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Unformatted text preview: n the analysis of a divide-and-conquer algorithm that divides a given problem into
a subproblems of size at most n/b each, solves each subproblem recursively, and
then “merges” the subproblem solutions into a solution to the entire problem. The
function f (n), in this equation, denotes the total additional time needed to divide
the problem into subproblems and merge the subproblem solutions into a solution to
the entire problem. Each of the recurrence equations given above uses this form, as
do each of the recurrence equations used to analyze divide-and-conquer algorithms
given earlier in this book. Thus, it is indeed a general form for divide-and-conquer
The master method for solving such recurrence equations involves simply writing down the answer based on whether one of the three cases applies. Each case is
distinguished by comparing f (n) to the special function nlogb a (we will show later
why this special function is so important).
Theorem 5.6 [The Master Theorem]: Let f (n) and T (n) be deﬁned as above.
1. If there is a small constant ε > 0, such that f (n) is O(nlogb a−ε ), then T (n) is
Θ(nlogb a ).
2. If there is a constant k ≥ 0, such that f (n) is Θ(nlogb a logk n), then T (n) is
Θ(nlogb a logk+1 n).
3. If there are small constants ε > 0 and δ < 1, such that f (n) is Ω(nlogb a+ε )
and a f (n/b) ≤ δ f (n), for n ≥ d , then T (n) is Θ( f (n)).
Case 1 characterizes the situation where f (n) is polynomially smaller than the
special function, nlogb a . Case 2 characterizes the situation when f (n) is asymptotically close to the special function, and Case 3 characterizes the situation when f (n)
is polynomially larger than the special function. 5.2. Divide-and-Conquer 269 We illustrate the usage of the master method with a few examples (with each
taking the assumption that T (n) = c for n < d , for constants c ≥ 1 and d ≥ 1).
Example 5.7: Consider the recurrence
T (n) = 4T (n/2) + n. In this case,
= n2 . Thus, we are in Case 1, for f (n) is O(n2−ε ) for
ε = 1. This means that T (n) is Θ(n2 ) by the master method.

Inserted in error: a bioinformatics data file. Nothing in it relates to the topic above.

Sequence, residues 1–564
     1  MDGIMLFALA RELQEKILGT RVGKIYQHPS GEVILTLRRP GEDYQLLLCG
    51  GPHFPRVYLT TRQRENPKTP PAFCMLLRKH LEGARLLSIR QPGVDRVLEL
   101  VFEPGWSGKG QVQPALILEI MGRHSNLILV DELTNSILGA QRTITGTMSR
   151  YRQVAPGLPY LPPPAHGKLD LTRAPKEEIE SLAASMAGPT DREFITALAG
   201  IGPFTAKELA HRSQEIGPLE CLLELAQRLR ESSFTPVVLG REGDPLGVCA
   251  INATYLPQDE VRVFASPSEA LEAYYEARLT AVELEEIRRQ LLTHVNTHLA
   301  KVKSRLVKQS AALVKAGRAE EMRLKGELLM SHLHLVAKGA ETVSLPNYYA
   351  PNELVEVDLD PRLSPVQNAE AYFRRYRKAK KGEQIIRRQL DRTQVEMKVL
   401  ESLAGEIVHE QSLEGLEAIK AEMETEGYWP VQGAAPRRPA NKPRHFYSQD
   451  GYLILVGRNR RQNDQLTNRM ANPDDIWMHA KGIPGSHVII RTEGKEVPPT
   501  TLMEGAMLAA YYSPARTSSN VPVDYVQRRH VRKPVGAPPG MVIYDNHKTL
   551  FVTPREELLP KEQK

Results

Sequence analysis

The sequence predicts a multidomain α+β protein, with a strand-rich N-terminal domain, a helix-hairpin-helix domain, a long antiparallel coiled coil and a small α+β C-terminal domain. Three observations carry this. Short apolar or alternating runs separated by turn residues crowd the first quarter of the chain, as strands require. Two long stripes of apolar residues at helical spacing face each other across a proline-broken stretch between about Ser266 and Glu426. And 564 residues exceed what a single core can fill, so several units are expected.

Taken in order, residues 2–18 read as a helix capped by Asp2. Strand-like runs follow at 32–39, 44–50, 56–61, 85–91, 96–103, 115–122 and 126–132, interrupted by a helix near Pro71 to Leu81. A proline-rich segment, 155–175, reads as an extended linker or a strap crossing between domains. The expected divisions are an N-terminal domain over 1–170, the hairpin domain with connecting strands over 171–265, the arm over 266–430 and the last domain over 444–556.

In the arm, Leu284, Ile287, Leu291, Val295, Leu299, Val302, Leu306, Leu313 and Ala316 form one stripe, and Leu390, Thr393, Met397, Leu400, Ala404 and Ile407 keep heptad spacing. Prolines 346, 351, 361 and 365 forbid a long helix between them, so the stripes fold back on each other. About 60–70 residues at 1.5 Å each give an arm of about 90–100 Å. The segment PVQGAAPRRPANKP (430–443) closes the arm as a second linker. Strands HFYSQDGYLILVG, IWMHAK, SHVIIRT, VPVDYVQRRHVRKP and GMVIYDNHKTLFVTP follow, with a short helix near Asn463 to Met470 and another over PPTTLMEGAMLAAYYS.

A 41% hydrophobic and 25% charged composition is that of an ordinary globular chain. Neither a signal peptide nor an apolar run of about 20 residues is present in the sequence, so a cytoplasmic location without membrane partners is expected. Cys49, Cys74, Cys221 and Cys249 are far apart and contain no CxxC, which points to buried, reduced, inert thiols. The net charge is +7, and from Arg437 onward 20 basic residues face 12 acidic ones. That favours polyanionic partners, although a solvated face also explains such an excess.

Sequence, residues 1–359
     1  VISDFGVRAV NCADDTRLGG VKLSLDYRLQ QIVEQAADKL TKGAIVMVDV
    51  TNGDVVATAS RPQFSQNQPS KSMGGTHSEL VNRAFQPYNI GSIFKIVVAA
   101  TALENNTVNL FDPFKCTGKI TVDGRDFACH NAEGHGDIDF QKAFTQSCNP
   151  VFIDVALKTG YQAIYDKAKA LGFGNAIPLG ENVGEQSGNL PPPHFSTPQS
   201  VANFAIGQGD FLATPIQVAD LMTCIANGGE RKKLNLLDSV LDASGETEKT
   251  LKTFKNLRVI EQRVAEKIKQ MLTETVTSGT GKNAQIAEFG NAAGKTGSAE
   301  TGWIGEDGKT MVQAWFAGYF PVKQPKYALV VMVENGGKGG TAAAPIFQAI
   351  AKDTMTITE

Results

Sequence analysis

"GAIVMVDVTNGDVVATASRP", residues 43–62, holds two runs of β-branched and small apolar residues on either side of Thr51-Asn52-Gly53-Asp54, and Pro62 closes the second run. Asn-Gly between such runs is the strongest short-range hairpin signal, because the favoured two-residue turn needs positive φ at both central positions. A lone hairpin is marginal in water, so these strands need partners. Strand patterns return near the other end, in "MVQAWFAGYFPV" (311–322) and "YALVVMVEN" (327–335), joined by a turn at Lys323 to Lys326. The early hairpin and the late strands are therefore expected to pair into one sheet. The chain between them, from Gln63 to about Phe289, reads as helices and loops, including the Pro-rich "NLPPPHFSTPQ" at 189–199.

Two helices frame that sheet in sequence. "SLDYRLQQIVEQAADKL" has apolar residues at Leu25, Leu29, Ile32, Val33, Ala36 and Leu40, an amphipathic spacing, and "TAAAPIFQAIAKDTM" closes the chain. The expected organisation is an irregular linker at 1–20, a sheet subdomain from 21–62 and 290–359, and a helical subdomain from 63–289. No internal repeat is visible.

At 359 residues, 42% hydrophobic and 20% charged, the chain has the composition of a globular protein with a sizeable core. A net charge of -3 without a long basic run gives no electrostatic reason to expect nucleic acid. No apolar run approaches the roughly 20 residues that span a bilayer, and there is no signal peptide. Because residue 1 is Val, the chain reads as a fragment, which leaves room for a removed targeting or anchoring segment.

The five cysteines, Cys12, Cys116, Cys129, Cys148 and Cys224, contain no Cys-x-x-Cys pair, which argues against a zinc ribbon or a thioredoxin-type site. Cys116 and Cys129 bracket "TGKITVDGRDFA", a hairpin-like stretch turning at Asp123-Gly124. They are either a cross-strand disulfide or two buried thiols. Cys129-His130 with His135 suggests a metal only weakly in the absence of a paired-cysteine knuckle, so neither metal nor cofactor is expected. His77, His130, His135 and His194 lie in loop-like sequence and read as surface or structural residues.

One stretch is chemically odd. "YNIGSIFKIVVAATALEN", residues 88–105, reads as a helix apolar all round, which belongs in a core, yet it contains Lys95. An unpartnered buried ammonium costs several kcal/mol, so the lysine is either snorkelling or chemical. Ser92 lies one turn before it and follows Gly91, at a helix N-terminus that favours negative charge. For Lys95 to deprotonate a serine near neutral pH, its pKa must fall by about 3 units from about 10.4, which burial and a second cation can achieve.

nlogb a nlog2 4 Example 5.8: Consider the recurrence
T (n) = 2T (n/2) + n log n, which is one of the recurrences given above. In this case, nlogb a = nlog2 2 = n.
Thus, we are in Case 2, with k = 1, for f (n) is Θ(n log n). This means that T (n) is
Θ(n log2 n) by the master method.
Example 5.9: Consider the recurrence
T (n) = T (n/3) + n, which is the recurrence for a geometrically decreasing summation that starts with n.
In this case, nlogb a = nlog3 1 = n0 = 1. Thus, we are in Case 3, for f (n) is Ω(n0+ε ),
for ε = 1, and a f (n/b) = n/3 = (1/3) f (n). This means that T (n) is Θ(n) by the
Example 5.10: Consider the recurrence
T (n) = 9T (n/3) + n2.5 . In this case, nlogb a = nlog3 9 = n2 . Thus, we are in Case 3, since f (n) is Ω(n2+ε )
(for ε = 1/2) and a f (n/b) = 9(n/3)2.5 = (1/3)1/2 f (n). This means that T (n) is
Θ(n2.5 ) by the master method.
Example 5.11: Finally, consider the recurrence
T (n) = 2T (n1/2 ) + log n. Unfortunately, this equation is not in a form that allows us to use the master method.
We can put it into such a form, however, by introducing the variable k = log n,
which lets us write
T (n) = T (2k ) = 2T (2k/2 ) + k. Substituting into this the equation S(k) = T (2k ), we get that
S(k) = 2S(k/2) + k. Now, this recurrence equation allows us to use master method, which speciﬁes that
S(k) is O(k log k). Substituting back for T (n) implies T (n) is O(log n log log n).
Rather than rigorously prove Theorem 5.6, we instead discuss the justiﬁcation
behind the master method at a high level. Chapter 5. Fundamental Techniques 270 If we apply the iterative substitution method to the general divide-and-conquer
recurrence equation, we get
T (n) = aT (n/b) + f (n)
= a(aT (n/b2 ) + f (n/b)) + f (n) = a2 T (n/b2 ) + a f (n/b) + f (n)
= a3 T (n/b3 ) + a2 f (n/b2 ) + a f (n/b) + f (n)
= alogb n T (1) +
= nlogb a T (1) + logb n−1 ∑ ai f (n/bi ) ∑ ai f (n/bi ), i=0
i=0 where the last substitution is based on the identity alogb n = nlogb a . Indeed, this
equation is where the special function comes from. Given this closed-form characterization of T (n), we can intuitively see how each of the three cases is derived.
Case 1 comes from the situation when f (n) is small and the ﬁrst term above dominates. Case 2 denotes the situation when each of the terms in the above summation
is proportional to the others, so the characterization of T (n) is f (n) times a logarithmic factor. Finally, Case 3 denotes the situation when the ﬁrst term is smaller
than the second and the summation above is a sum of geometrically decreasing
terms that start with f (n); hence, T (n) is itself proportional to f (n).
The proof of Theorem 5.6 formalizes this intuition, but instead of giving the
details of this proof, we present two applications of the master method below. 5.2.2 Integer Multiplication
We consider, in...
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